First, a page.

If I had a nickel for every time a client asked, “Should I take the job for the money?”, I would be a richer girl (following the laws of positive emotions, I don’t want to discount whatever riches I already have)! Part of that richness for me was being interviewed by an enthusiastic lifestyle writer for ThiveGlobal.com, Sara Uzer. Sara and I engaged in the topic from multigenerational perspectives.
My conversation with Sara left me more convinced than ever that work-life integration is a multigenerational expectation. One of the many good ways our world is changing. I hope you enjoy the piece.
An “okay” job will only hold you back as much as you let it.
By Sara Uzer, Lifestyle Writer
When considering a new career decision, internal struggles are bound to present themselves.
This uncertainty is typically rooted less in the job itself, and more about whether it’s truly the right fit for us at this time and place.
A prospective role may be ideal from a financial standpoint, but we sometimes fear that it just won’t light that “spark” we crave.
The truth is, it’s time to stop treating the age-old passion vs. paycheck dilemma as a spooky ultimatum.
“Choosing a job with a higher paycheck and benefits is not the same as making a decision to sell your soul to an endeavor that sucks the breath out of your body,” says Dr. Andrea Goeglein, Career and Workplace Psychologist and Founder of ServingSuccess.
Still hesitant about parting ways with your passion? With these trusty techniques, you won’t have to.
Early in our career, our overarching goal isn’t always as clear-cut as we would like it to be.
We might have a general idea of the type of work we enjoy doing, but ambiguity often exists around the ultimate game plan.
During this phase of “testing the waters,” don’t let yourself feel guilty about following the money.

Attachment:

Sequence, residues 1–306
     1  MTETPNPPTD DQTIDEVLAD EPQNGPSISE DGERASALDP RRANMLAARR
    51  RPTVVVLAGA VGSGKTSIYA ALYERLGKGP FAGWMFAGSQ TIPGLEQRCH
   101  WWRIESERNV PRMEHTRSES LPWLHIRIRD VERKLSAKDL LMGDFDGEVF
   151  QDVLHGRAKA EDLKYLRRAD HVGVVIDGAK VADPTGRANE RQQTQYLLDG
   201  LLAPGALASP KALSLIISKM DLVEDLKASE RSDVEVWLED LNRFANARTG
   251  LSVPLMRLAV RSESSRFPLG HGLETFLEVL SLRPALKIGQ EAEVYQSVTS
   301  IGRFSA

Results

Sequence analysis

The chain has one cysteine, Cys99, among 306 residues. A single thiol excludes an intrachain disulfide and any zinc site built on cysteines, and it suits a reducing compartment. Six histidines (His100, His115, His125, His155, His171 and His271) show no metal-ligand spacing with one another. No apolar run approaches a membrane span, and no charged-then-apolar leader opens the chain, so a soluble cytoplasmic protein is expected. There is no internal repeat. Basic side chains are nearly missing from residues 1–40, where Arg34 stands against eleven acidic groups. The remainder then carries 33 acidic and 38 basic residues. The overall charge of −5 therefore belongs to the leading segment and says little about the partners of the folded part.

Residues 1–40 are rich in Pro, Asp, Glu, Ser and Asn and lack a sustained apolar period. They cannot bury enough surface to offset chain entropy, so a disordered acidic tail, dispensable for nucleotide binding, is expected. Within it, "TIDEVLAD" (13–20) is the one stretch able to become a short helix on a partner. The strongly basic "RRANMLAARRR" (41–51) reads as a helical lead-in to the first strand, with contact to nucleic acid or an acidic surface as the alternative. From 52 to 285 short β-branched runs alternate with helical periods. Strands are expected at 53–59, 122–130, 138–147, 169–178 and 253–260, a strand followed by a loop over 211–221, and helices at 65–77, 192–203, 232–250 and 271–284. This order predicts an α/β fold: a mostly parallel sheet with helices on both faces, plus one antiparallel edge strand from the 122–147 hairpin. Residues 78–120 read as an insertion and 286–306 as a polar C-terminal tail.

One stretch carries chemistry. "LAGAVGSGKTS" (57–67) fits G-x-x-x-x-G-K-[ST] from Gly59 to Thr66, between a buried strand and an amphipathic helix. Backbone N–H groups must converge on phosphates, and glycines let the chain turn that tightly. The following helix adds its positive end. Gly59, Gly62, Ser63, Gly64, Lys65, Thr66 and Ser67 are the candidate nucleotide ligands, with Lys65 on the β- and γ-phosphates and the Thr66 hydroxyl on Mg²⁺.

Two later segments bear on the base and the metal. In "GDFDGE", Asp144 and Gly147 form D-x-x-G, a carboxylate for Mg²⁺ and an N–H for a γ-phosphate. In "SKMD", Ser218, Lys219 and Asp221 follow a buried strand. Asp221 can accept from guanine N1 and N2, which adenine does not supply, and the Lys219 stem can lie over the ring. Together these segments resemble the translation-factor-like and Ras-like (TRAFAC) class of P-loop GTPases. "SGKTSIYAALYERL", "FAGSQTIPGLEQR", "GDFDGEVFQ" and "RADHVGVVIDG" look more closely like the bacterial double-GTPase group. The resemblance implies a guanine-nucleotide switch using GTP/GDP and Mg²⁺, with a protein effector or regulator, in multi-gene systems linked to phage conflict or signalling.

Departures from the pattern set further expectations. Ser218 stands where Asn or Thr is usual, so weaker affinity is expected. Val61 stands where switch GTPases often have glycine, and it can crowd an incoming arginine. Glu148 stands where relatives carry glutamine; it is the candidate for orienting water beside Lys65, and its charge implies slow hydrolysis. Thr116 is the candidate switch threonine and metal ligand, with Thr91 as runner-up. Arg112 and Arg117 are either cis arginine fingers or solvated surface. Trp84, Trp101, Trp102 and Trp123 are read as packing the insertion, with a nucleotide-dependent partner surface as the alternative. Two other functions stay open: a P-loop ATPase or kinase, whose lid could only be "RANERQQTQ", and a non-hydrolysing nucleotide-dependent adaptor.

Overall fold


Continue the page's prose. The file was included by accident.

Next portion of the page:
“It’s a smart strategic decision for the point in your career when you need financial stability and growth,” says Dr. Goeglein.
A certain position might not be your dream job, but it can offer steady support and an enhanced skill set.
This will ultimately help you discover what that “dream job” looks like, and the right direction to get there.
Plus, it’s important to remember that you can always switch gears. If a job doesn’t provide the experience that you envisioned, you have the freedom to move on.
“You will always be free to make other choices if the situation really has no additional redeeming features,” says Dr. Goeglein.
Lead with long-term goals.
We all want to work toward something that we’re passionate about and genuinely enjoy. However, steep competition and high expectations can cause a few bumps in the road.
In these cases, it’s important to avoid getting discouraged and start looking long-term.
“It’s okay to take jobs that aren’t your calling or passion,” says Dr. Goeglein. “Just make sure that there’s a goal associated with it.”
For instance, perhaps you’re looking to become a lobbyist. However, the job openings all require much more experience than you have.
Rather than getting frustrated, start taking baby steps. Try exploring smaller roles at a political campaign or non-profit, and eventually work your way up the totem pole.
A temporary separation from your passion won’t set you back, as long as you keep your long-term goal top-of-mind.
Weave your passion into your current role.
Feeling stuck in your career? Before making any drastic decisions, think about how you can add your passion into the mix.
“You can make a mundane job better by bringing out your natural strengths,” says Dr. Goeglein. “Keep feeding and nurturing the things you care about.”
Maybe you’re interested in becoming a musician because it brings out your natural strengths of honesty and authenticity.
You might feel that you’re falling behind on this dream by taking a car salesman job, but that’s not the case.
Honesty and authenticity are highly valued when it comes to customer service. Therefore, you’re still playing up those strengths in a slightly different atmosphere.
Plus, you can hone in on relevant skills that will serve your big-picture goal. For instance, work toward becoming a better expert around the sound systems that you’re selling.
“Interests aren’t something you leave at home,” says Dr. Goeglein. “It’s your job to bring them to life.”
At the end of the day, an “okay” job will only hold you back as much as you let it. Your passion might feel slightly out of reach, but you’re not entirely powerless.